Almondsbury helibase decision quashed

Proposed new helicopter base for the Great Western Air Ambulance Charity and National Police Air Service in Almondsbury, Bristol.

South Gloucestershire Council (SGC) has chosen to quash its decision to grant planning permission for a new helicopter base in Almondsbury, on a green belt site just across the M5 motorway from north Bradley Stoke, following a legal challenge from a determined objector.

The new base would serve the needs of the Great Western Air Ambulance Charity and National Police Air Service, whose helicopters are currently based at Filton Airfield.

BAE Systems, which owned the airfield at the time of the original planning application, and has plans to redevelop it with 2,675 residential dwellings and up to 24ha of commercial use, said it was necessary to relocate the helicopter base because leaving it at the airfield would lead to “the loss of approximately 400 residential dwellings and a significant proportion of affordable housing [within the new development]”.

It was also claimed that the current site would be unsuitable due to demolition and construction activity in the vicinity of helicopter operations over many years.

Outline planning permission for the airfield redevelopment has since been granted and the site sold to a Malaysian property developer.

An SGC committee approved the helicopter base plans in July last year, but a resident of Almondsbury threatened to issue proceedings to judicially review the decision, on the grounds that the council had (1) failed to properly assess the environmental impact of the development; (2) failed to impose a noise monitoring condition; and (3) in assessing the required “very special circumstances” for development in the green belt, failed to take account of the fact that there was an option for the retention of the [helicopter] operation on its current site [at Filton Airfield].”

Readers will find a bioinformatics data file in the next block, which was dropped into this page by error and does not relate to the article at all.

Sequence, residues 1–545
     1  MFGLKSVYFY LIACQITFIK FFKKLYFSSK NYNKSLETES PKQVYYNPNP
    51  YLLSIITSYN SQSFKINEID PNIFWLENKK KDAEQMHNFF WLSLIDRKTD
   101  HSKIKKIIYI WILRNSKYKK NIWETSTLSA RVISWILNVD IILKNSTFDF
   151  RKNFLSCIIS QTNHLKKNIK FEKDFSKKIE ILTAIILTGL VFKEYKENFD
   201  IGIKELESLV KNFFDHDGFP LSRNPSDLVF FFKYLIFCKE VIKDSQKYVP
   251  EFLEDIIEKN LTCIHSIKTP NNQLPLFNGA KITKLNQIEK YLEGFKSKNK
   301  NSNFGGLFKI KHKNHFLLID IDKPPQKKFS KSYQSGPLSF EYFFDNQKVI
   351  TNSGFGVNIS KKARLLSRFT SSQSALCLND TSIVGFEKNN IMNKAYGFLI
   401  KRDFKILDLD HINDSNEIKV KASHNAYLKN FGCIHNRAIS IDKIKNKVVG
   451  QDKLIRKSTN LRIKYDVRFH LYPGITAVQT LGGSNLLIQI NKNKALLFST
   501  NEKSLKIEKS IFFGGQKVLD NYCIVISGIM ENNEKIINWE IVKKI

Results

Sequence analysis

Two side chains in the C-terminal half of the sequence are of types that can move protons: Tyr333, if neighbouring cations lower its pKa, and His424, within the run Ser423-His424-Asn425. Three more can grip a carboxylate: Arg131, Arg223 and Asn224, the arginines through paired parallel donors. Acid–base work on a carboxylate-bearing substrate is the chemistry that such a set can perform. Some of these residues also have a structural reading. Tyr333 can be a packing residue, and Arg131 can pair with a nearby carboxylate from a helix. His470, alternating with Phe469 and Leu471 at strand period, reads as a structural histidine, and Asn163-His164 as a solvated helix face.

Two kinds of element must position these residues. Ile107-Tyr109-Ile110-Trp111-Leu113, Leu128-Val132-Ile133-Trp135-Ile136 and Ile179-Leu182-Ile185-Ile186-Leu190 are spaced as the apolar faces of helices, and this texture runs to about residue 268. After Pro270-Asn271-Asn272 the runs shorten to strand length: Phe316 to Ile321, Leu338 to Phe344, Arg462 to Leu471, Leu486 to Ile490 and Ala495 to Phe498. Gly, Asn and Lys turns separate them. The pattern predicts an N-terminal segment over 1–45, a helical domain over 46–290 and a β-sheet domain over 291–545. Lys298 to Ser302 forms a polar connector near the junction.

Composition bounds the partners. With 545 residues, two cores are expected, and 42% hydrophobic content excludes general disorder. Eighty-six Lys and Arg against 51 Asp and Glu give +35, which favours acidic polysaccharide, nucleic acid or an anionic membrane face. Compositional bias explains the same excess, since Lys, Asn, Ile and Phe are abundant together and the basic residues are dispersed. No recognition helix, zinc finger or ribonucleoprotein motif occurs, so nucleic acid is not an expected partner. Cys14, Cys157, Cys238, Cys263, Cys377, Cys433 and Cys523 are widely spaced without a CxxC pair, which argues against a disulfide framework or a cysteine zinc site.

Having taken advice from an expert QC, who indicated that grounds (1) and (2) had a realistic prospect of being successfully argued at a judicial review, the council has chosen to quash its planning decision and “remake“ it, giving proper regard to grounds (1) and (2).

The expert QC advised the council that he considered ground (3) to have “little or no merit”.

An SGC spokesperson confirmed: “The original application was quashed by the High Court and will come back to the council to re-determine. Residents will be able to have their say on the application.”

No date has yet been set for the SGC planning committee to reconsider the application.

The council’s spend on legal proceedings associated with the case is put at £8,861, to which will be added the cost of council officers’ time in preparing new committee reports in order for the decision to be “remade”.

Residents of north Bradley Stoke are among scores of people who have objected to the proposed helicopter base, although a majority of comments on The Journal’s online channels have indicated support.

Bradley Stoke Town Council, although not a statutory consultee, as the site lies in another parish, responded to the original planning application stating that “a noise attenuation barrier needs to be provided for the Woodlands Caravan Park and Ormonds Close if this proposal goes ahead”. The demand was dismissed by an SGC environmental protection officer, who confirmed that “any noise issues at Woodlands Caravan Park are linked to historical issues at the location and installing a fence at the site would not provide any noise benefit with regard to the proposed helicopter application”.

More information and related links:

This article originally appeared in the March 2016 edition of the Bradley Stoke Journal news magazine, delivered FREE, EVERY MONTH, to 9,500 homes in Bradley Stoke, Little Stoke and Stoke Lodge. Phone 01454 300 400 to enquire about advertising or leaflet insertion.

Share this page:


  1. It’s still going to happen they’ll just re-write the proposal slightly covering 1 & 2 so it goes through. Not that there aren’t better places to put the helicopters (i.e. away from everyone so no one has to listen to them land/take off 20 times a day), but the hidden reason for putting it there is they want the night time fast car response (when helicopters can’t fly) in the same place and that needs a motorway link.

Comments are closed.